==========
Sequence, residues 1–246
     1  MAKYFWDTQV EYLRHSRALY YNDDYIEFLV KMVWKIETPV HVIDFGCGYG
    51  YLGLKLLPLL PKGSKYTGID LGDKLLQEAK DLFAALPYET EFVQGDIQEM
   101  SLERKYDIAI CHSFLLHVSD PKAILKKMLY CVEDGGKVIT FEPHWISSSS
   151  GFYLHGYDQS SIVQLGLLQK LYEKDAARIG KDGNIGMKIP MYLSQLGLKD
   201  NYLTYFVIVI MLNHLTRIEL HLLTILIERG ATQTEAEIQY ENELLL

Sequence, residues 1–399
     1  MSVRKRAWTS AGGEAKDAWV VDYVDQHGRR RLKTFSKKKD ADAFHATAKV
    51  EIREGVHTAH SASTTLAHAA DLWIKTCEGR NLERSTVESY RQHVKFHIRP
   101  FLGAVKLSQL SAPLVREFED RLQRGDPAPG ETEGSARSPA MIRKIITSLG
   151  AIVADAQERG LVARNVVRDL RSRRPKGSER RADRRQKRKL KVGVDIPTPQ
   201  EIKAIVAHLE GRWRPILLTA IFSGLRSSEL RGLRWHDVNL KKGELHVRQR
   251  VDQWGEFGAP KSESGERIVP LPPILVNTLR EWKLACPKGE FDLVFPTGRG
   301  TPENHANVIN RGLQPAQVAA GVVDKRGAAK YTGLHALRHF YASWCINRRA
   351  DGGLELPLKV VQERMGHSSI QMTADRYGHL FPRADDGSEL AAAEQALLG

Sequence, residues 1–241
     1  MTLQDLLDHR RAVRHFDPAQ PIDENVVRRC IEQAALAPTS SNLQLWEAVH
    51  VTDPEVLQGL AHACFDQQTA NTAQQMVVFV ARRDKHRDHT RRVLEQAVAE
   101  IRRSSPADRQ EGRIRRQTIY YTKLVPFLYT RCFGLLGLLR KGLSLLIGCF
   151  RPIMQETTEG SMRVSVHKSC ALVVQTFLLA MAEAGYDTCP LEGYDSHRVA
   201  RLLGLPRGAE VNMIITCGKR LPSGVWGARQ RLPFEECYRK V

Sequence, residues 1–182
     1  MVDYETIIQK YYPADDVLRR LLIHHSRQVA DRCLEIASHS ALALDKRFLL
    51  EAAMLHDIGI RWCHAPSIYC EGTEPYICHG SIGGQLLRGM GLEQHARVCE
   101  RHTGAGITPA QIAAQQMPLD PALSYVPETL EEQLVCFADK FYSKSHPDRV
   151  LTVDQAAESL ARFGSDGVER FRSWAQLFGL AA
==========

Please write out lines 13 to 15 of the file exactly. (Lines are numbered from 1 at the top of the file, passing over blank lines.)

   251  VDQWGEFGAP KSESGERIVP LPPILVNTLR EWKLACPKGE FDLVFPTGRG
   301  TPENHANVIN RGLQPAQVAA GVVDKRGAAK YTGLHALRHF YASWCINRRA
   351  DGGLELPLKV VQERMGHSSI QMTADRYGHL FPRADDGSEL AAAEQALLG